Air pockets in Transavia Flight, Feb 13, 2019
On February 13, 2019, a Transavia flight from France to Israel met an area of unstable weather, and during the upheavals, 13 passengers were injured.
I am not sure what exactly happened there, and what the extent of the damage to the passengers was, but according to the passengers’ testimonies to the media, there was great panic on the plane.
“A feeling of a hole in the air” said one of the passengers, and there were also descriptions of the “700-meter plane dive”. Descriptions of prayers, cries and great fear completed the picture, and I believe these feelings were indeed in the public domain. Very unpleasant, no doubt.

But did the plane really fall 2000 feet? It is clear that passengers have no way of estimating this number, and it is important to understand that the inability to estimate the exact position of the aircraft in the air, in addition to the sense of acceleration of the “jumps”, can make people feel very inaccurate.
Despite all the inconvenience, it is important to remember that no damage was done to the plane, which landed safely at its destination, and to the best of my understanding the injuries of the people were minor. No passenger needed any treatment. It can be concluded that the plane entered an area of clear air turbulence, as described above.
I was asked quite a bit if the pilots could not have known that the plane was flying into an area of unstable air, and the answer is that this type of vortex is not visible in the plane’s radar systems, and if no external report is received, then there is no real way to predict such a phenomenon.
I therefore strongly recommend that you fasten your seat belts whenever you sit in your chairs, even if the seat belt fastening signs are off, and certainly do it when the signs indicate this.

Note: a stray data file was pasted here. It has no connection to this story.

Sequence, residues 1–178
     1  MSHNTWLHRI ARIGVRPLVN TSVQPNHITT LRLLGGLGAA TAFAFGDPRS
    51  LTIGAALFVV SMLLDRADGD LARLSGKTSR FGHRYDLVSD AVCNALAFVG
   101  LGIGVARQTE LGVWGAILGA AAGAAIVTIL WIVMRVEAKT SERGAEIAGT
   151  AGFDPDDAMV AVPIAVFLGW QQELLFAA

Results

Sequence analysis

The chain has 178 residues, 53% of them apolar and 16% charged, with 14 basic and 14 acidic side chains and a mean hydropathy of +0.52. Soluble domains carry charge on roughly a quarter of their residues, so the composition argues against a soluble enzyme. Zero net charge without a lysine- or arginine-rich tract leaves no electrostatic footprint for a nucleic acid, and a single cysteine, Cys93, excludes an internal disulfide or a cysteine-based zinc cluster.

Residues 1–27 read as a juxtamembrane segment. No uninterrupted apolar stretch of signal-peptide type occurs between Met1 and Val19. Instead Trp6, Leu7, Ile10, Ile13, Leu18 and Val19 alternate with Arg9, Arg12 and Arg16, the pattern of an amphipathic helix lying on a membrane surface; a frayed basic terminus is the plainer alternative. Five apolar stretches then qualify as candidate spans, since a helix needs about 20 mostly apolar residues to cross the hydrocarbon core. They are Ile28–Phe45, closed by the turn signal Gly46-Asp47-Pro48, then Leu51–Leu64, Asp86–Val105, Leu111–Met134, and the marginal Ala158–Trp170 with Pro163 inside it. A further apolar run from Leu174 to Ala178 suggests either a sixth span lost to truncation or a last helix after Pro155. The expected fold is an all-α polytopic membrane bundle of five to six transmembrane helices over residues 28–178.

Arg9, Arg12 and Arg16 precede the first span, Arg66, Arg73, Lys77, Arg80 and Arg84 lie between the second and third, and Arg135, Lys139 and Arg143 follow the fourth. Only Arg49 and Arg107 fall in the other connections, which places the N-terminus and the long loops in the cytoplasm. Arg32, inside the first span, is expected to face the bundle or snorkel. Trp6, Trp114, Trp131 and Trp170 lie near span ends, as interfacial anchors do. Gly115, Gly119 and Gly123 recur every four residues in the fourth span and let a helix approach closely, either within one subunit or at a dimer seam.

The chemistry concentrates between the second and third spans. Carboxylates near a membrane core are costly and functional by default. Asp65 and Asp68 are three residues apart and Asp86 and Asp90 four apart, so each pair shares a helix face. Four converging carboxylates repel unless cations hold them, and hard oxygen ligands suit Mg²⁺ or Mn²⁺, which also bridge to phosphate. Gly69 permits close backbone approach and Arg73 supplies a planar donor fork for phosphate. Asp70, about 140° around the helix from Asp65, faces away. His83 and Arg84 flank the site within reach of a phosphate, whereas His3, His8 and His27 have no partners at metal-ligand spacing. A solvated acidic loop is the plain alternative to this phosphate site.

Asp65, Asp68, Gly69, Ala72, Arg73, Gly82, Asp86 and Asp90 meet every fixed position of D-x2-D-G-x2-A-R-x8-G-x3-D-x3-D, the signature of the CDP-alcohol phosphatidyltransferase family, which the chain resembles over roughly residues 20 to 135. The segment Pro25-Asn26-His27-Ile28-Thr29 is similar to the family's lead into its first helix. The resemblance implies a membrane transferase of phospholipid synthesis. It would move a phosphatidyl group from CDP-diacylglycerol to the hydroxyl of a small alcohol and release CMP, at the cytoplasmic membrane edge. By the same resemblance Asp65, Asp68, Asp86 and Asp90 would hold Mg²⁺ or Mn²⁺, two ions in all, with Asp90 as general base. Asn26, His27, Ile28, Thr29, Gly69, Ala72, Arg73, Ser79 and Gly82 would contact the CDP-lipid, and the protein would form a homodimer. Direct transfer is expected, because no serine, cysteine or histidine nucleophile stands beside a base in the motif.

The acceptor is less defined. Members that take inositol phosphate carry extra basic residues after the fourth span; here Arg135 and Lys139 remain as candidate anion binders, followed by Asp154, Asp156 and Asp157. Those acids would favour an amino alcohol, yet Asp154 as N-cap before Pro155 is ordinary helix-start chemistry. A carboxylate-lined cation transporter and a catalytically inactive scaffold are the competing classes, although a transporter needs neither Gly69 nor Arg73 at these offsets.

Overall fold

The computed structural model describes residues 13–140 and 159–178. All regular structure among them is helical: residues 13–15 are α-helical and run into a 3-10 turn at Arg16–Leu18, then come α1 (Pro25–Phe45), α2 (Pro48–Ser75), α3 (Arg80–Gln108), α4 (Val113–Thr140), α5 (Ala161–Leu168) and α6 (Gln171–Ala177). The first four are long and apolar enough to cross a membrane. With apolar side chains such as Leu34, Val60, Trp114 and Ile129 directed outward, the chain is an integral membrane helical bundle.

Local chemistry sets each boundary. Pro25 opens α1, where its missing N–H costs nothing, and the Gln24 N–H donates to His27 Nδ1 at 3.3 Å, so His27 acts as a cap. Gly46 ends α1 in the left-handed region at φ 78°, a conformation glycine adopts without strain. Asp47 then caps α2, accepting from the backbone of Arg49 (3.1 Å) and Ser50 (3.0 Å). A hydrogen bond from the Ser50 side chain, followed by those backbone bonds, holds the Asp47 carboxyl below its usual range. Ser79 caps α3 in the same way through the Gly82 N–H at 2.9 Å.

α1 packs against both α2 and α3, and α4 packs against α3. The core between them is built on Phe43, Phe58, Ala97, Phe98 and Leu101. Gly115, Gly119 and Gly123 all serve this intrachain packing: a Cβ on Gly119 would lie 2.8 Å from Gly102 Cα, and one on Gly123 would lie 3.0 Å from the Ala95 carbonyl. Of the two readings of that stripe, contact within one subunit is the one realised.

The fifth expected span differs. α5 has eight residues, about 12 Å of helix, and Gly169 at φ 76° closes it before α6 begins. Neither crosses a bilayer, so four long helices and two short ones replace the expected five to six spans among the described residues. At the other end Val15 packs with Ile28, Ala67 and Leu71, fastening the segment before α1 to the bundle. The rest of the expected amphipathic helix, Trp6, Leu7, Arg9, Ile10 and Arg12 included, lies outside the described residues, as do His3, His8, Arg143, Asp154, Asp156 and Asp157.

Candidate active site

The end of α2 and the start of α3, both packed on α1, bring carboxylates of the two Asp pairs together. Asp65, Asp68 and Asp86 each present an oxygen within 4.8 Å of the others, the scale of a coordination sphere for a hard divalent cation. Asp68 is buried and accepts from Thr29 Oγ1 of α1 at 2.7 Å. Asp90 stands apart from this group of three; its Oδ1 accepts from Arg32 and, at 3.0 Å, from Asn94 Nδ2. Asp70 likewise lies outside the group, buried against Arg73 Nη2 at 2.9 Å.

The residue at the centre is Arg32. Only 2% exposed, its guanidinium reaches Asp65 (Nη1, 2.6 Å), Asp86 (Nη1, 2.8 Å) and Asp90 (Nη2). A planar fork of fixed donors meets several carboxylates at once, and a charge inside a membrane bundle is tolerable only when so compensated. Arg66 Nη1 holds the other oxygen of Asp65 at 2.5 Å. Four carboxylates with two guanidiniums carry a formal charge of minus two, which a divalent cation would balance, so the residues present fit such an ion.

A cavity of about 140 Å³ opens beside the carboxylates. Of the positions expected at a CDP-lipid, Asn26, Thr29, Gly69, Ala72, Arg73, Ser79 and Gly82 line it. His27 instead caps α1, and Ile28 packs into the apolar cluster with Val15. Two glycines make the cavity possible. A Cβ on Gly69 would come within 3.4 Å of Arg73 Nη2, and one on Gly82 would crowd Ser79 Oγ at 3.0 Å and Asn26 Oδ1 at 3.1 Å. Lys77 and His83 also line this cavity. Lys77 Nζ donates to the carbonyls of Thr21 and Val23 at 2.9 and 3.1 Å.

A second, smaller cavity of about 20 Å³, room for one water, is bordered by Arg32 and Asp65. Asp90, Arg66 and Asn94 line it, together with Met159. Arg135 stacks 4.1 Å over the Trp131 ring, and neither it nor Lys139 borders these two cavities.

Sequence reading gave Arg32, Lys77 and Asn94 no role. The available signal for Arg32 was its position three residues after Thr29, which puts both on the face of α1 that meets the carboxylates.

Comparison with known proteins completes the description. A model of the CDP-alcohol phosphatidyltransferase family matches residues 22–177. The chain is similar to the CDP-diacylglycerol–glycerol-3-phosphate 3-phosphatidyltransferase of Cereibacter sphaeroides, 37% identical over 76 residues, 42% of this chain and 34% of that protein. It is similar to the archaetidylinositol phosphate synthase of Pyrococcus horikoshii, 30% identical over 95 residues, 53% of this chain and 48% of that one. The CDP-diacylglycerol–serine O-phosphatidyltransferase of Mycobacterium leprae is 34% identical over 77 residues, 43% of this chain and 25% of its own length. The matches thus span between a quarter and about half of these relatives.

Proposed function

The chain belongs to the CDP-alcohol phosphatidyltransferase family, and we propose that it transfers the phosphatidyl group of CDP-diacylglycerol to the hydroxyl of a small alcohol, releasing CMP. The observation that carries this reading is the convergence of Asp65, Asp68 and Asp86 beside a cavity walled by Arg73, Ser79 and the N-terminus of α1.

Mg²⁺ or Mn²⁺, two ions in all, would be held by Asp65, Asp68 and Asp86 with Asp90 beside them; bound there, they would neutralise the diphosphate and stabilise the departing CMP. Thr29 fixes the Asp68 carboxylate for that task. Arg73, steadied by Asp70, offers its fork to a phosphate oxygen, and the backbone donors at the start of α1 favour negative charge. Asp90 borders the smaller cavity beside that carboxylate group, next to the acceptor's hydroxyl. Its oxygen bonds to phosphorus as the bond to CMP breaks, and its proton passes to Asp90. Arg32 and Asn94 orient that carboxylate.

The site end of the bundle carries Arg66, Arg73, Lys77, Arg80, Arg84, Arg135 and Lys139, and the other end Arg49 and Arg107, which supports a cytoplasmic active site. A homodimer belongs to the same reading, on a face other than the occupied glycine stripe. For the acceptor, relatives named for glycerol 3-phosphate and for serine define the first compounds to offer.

Still, what do you do if the plane jumps?

Remember the facts

The vortices are not dangerous to the plane, there are no accidents caused by vortices.
Anyone wearing seat belts will not be harmed. Make sure you are belted!
On the SimpliFly app (still in Hebrew but should be published in English by early 2021) you can find more information and an audio clip to help in relaxing during flying in unstable weather.
Alon’s three-step air pocket experimente
I have a detailed explanation that shows how our mind deceives us during this turbulence, and I will publish it in a different article.
For now – let’s see how severe are turbulence – an experiment to be done during a flight:

Step one

Sit down and ask the flight attendant for a full glass of water as possible.
If the stewardesses sit in their place and do not get up, it means that the vortices are at an intensity that does not allow service.
But it is also a sign of something else – that the plane is not in an emergency, because if it was, the flight attendants would be busy preparing the plane for landing.

Step two

Did you get a glass of water? Pretty.
This is a sign that the stewards are free to work, the level of vortices is probably insignificant.
Place the glass on the tray in front of you and watch the water.
In the vast majority of cases, you will see that the water does not spill, despite the jumps. Think about what would happen to the water in the glass if you were driving on a road.
Doesn’t it help to understand that the jumps are not significant?

Step three

No less important! Drink the water. It is not only good against dehydration but a signal to our body.
The body that feels an existential danger will often react with a reluctance to eat or drink and therefore drinking will “convince” our body that the condition is not dangerous.
In others, an emergency can cause a feeling of thirst, because most body systems are overactive and the body temperature rises, and even then it is important to drink.
In the vast majority of cases, you will see that the water does not spill, despite the jumps. Think about what would happen to the water in the glass if you were driving on a road.
Doesn’t it help to understand that the jumps are not significant?